Monday, 15 April 2013
Week Fifteen - Jeanette
The Divine Comedy 1: Hell (c. 1314) by Dante
Recommended by Louise
‘I hope Thatcher rots in hell,’ is something I’ve heard, or read on the internet, a good few times this week.
When she was in office, people wished her expelled. When she was alive, people wished her dead. Now that she is dead, people wish her eternal torture. Hearing the concept of hell so frequently and fervently invoked helped me reflect on Dante’s epic poem (although it certainly didn’t help me to process my emotions about Thatcher). This week, at least, it seems post-Christian secular Britain is still willing to condemn a sinner to eternal damnation.
I think it’s Dante who is largely responsible for the tenacity of hell in popular culture. While I remember a bit of Satan-chatter in the New Testament, the place itself remained largely unexplored territory. It’s probably Revelation that comes closest, at least in terms of vivid imagery – and Revelation’s not about hell per se (let alone about any kind of narrative coherence). Yet Hell, in contrast to Revelation’s angry gibberish, makes a great deal of logical sense. Dante codifies and classifies hell, finds a place and an inventive method of torture for every kind of sin, and also allows its inhabitants to explain their actions and experiences. He makes hell easy to visualise, natural to fear, and tempting to want people you hate to end up there.
The story – the very deftly-paced story – of Hell is that Dante, aged thirty-five and spiritually adrift, is led by the Classical poet Virgil through the complicated (de)meritocracy of the damned. We gawp with Dante at sights such as he finds in the fifth circle (where the Wrathful dwell):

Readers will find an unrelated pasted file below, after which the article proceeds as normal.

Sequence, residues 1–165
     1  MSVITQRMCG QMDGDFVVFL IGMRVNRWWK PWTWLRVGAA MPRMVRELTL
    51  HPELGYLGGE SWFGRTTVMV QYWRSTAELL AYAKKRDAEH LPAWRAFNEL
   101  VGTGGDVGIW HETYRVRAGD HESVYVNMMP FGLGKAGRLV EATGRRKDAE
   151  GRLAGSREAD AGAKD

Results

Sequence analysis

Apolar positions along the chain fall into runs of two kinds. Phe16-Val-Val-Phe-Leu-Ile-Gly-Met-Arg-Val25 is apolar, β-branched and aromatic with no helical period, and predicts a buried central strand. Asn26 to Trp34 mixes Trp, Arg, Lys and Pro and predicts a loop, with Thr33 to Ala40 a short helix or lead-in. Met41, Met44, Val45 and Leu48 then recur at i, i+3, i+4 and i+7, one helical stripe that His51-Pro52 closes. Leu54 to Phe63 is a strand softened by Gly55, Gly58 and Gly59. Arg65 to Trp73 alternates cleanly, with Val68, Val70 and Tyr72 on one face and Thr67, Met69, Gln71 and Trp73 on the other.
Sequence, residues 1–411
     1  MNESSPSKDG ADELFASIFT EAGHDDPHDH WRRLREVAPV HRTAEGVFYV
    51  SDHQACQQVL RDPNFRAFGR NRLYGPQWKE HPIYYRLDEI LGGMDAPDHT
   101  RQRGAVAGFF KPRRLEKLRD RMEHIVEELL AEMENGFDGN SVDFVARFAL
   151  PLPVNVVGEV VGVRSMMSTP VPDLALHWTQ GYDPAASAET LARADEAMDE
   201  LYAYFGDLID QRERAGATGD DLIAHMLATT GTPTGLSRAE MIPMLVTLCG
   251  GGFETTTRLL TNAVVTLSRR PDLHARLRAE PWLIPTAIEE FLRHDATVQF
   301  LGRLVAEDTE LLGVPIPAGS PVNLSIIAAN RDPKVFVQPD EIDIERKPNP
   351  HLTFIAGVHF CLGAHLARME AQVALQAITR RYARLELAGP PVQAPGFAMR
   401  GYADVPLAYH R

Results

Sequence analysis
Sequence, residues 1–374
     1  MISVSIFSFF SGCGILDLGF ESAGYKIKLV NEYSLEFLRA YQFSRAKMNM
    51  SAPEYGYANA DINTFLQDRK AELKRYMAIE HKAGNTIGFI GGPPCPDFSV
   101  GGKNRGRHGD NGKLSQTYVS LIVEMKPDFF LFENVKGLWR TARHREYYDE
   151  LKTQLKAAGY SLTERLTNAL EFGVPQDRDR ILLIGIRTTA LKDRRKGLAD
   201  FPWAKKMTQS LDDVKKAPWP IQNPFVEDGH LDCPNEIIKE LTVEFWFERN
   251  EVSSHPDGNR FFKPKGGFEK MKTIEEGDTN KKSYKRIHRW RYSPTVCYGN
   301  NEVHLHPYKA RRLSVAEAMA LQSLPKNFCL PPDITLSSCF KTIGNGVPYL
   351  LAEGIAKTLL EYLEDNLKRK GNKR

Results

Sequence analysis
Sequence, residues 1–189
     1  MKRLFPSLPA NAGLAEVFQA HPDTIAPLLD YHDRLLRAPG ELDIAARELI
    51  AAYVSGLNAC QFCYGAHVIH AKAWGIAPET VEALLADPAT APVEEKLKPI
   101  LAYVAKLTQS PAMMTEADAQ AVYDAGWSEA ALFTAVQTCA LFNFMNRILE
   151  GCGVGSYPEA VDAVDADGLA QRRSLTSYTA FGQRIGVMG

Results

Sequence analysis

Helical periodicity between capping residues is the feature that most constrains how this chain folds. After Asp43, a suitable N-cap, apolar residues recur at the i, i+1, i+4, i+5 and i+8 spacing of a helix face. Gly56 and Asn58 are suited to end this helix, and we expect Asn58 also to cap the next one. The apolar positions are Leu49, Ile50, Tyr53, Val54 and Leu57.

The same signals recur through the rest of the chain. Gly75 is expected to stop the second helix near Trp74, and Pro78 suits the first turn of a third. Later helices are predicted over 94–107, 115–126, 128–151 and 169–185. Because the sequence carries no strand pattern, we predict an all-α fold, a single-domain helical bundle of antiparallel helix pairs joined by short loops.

At fisticuffs – not with fists alone, but with
Their heads and heels, and with their bodies too,
And tearing each other piecemeal with their teeth.
(Canto VII, 112-14)
At its simplest level, Hell is a travelogue, a cheap holiday in other people’s misery.
But simplicity can’t be levelled at Dante for long. He didn’t write about hell to amuse or horrify with shocking descriptions. He didn’t even write to warn against straying from God. The Divine Comedy is ranked among the greatest achievements of all humankind because it is such a profoundly lyrical reflection on reason – and particularly on reason’s relationship with the soul, and then with that soul’s relationship with God. It was thus inevitable that Hell led me to slice open to my own innards: my morals, my relationships, my trespasses. Yes, Dante writes from within a Christian worldview, but I found Hell have intense resonance outside of it, too. Free will and consequence, the nature of spiritual fulfillment, the transience of life: they’re not questions we spend nearly enough time on these days.
Still, that’s not to say Hell is only that, either. Another reason Dante wrote was to comment on contemporary Italian politics and, it seems, air some grievances against people he didn’t like. Who wouldn’t? You’re writing about hell, chuck a few enemies into the pit. From what I gather about the Florentine situation of the time, it was a ridiculously complicated mix of petty family squabbles and genuine class struggle, elevated to murderous severity because of the power each faction wielded. The pope and the odd French monarch sticking their respective oars in didn’t help, either. Reading Hell in a week led to no more than a superficial consideration of all this, but one story particularly struck a chord, down in the ninth circle of hell in the region of Antenora, a place reserved for traitors to their country.